North American river otters are the only river otter that is found north of Mexico. This animal’s lovely waterproof pelt, which allows it to regulate its temperature, in the 1700s-1800s, a regular part of French fur trade, has meant this animal has been hunted for hundreds of years. Its fur ranges in color from white and gray to brown and black.
The North American otter inhabits much of the United States and Canada, from the Pacific to the Atlantic Coast, from the Gulf of Mexico to northern Alaska. Being aquatic in nature, this species is confined to places that have permanent water. This includes a wide range of habitats, from rivers, streams and creeks, to coastal waters, lakes and swamps.
For the majority of the year, this animal is most active during the period dusk until dawn, but in winter, it may more commonly be seen during the day. This species’ social structure is very variable, as some animals are solitary, while others live in family groups of an adult female with her offspring, or sometimes in large groups of just adult males. Groups typically travel and hunt together, and also use the same resting site and den. Dens are created in riverside burrows, under vegetation or rocks near water, in undercut banks or hollow trees, and sometimes in muskrat or beaver lodges. There is much overlap of individual home ranges, and though this animal is non-territorial, it uses scent-marking as an important means of communication. A range of vocalizations is also used to communicate, the most common sound amongst a group being a low frequency noise that sounds like chuckling, while loud snorts are often used for signaling potential danger.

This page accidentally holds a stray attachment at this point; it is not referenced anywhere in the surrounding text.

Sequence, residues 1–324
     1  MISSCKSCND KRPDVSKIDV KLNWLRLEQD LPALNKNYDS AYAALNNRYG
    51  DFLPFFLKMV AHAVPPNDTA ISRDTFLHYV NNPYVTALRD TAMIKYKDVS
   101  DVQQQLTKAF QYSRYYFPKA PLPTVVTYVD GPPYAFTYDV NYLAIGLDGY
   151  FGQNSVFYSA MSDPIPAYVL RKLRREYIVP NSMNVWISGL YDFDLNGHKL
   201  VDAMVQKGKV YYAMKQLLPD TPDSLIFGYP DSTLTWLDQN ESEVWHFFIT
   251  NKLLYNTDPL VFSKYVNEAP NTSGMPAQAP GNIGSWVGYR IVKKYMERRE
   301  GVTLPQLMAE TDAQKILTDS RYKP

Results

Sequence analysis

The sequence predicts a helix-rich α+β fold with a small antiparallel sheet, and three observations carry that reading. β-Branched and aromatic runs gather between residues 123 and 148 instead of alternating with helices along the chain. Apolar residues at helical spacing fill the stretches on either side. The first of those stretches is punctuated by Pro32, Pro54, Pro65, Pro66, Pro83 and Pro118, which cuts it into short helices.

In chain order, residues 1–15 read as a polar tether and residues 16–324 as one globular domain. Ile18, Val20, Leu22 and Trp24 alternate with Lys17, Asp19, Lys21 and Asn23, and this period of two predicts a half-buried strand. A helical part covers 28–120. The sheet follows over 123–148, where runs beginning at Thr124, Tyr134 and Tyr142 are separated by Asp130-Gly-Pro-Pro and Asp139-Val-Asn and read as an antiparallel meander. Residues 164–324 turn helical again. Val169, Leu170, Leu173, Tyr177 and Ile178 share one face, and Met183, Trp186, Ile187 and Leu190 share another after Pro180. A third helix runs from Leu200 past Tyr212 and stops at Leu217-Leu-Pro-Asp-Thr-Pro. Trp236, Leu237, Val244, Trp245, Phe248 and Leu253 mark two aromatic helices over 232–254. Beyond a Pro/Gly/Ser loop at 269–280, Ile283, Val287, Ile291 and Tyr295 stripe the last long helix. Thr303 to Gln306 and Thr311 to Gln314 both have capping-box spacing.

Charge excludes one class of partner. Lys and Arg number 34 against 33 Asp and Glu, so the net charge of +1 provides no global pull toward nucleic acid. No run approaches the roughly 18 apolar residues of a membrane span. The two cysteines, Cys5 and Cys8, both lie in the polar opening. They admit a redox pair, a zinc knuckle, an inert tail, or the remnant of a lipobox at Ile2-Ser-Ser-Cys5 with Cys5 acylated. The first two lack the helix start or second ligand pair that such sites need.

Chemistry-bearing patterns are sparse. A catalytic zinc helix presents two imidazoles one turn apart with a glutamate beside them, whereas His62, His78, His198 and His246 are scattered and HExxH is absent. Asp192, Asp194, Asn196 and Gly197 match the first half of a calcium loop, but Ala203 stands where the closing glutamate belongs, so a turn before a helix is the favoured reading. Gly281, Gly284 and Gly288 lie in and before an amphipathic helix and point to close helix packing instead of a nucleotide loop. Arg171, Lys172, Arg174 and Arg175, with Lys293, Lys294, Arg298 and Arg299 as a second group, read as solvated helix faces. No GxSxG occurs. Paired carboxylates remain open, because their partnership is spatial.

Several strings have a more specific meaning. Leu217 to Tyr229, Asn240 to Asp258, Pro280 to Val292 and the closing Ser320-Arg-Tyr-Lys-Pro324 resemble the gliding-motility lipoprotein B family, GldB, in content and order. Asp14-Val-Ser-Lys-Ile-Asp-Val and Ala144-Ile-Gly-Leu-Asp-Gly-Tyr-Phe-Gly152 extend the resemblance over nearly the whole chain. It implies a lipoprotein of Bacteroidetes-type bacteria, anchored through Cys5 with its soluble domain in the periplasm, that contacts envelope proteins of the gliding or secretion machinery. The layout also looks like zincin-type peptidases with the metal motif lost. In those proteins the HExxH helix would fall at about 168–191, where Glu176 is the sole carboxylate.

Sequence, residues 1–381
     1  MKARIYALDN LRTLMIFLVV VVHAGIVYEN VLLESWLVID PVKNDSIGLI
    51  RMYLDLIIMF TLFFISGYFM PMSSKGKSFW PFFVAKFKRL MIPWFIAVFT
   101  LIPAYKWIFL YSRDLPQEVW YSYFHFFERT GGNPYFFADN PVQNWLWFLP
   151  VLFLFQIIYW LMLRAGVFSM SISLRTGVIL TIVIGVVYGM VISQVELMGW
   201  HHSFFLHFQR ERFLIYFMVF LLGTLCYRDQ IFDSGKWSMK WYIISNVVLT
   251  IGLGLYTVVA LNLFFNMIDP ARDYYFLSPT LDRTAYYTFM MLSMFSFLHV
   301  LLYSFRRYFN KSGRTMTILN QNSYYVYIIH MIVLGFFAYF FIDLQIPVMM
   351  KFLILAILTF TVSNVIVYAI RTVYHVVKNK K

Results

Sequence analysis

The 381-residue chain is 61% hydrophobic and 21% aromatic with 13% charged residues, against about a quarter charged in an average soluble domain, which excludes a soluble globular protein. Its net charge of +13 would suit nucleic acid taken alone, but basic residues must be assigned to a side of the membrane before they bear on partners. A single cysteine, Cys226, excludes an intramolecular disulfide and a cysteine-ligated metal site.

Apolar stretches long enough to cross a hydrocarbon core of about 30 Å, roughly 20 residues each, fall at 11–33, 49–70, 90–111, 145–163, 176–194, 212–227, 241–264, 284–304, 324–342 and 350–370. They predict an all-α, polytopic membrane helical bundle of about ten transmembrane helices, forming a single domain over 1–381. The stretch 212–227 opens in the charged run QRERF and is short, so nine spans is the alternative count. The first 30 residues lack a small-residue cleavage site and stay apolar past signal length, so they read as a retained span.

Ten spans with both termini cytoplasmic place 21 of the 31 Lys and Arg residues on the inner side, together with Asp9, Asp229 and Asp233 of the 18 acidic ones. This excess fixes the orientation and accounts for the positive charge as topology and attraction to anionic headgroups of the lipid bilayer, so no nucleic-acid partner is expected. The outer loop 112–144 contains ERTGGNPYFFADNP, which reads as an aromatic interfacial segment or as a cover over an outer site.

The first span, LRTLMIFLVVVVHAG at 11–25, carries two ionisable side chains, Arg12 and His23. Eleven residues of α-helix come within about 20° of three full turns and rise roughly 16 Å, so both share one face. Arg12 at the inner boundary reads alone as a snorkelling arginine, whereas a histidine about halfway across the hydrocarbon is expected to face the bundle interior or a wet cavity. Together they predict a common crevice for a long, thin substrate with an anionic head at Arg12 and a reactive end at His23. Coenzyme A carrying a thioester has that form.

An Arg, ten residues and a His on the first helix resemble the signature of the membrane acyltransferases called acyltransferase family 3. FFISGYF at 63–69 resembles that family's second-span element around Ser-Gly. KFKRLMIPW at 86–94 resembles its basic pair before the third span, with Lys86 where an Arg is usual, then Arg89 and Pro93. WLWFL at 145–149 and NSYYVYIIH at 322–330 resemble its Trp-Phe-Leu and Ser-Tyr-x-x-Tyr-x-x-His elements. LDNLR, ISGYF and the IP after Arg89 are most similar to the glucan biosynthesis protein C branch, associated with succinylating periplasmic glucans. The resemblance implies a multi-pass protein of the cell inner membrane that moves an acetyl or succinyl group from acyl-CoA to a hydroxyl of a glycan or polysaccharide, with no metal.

The North American river otters are carnivores, they eat mainly aquatic animals such as amphibians, turtles, fish, crayfish, crabs, and other species of invertebrates. Birds and birds’ eggs, as well as small terrestrial mammals may also be eaten. Sometimes they eat aquatic plants.
North American otters are polygynous, with males often breeding with several females, probably ones whose home ranges overlap theirs. Breeding is from December to April: late winter or early in spring. Gestation is for two months, but young may be produced up to a year after breeding due to delayed implantation. Births take place from November to May, peaking in March and April. A female gives birth to 1 to 6 young in each litter, averaging 2 to 3. The otters have fur when they are born, but are otherwise helpless. Birthing and the raising of young takes place in a den near water. Pups will open their eyes when they are one month old and are weaned when about 3 months old, starting to leave their birth range from 6 months to the age of one year. They reach reproductive maturity at the age of 2 to 3 years.
River otters eat fish, and fish populations are threatened by climate change from rising sea levels. If fish numbers start to decrease or they move elsewhere as a result of climate change, this species would lose its major food source. They are also threatened by the destruction of their habitat. Human contact is influencing this otter’s aquatic habitats. Water quality is lowered, water is depleted, timber and other vegetation is cleared and becomes scarce. Most of these problems are due to water pollution. Historically, these animals were hunted for their coats. There is no significant threat today from commercial harvesting, but illegal hunting can affect local populations.
The Defenders of Wildlife resource, based on harvest reports, estimates the North American otter’s total population size to be over 100,000 individuals. Currently this species is classified as Least Concern (LC) on the IUCN Red List and its numbers today remain stable.
North American river otter is important predator of fish and aquatic invertebrates.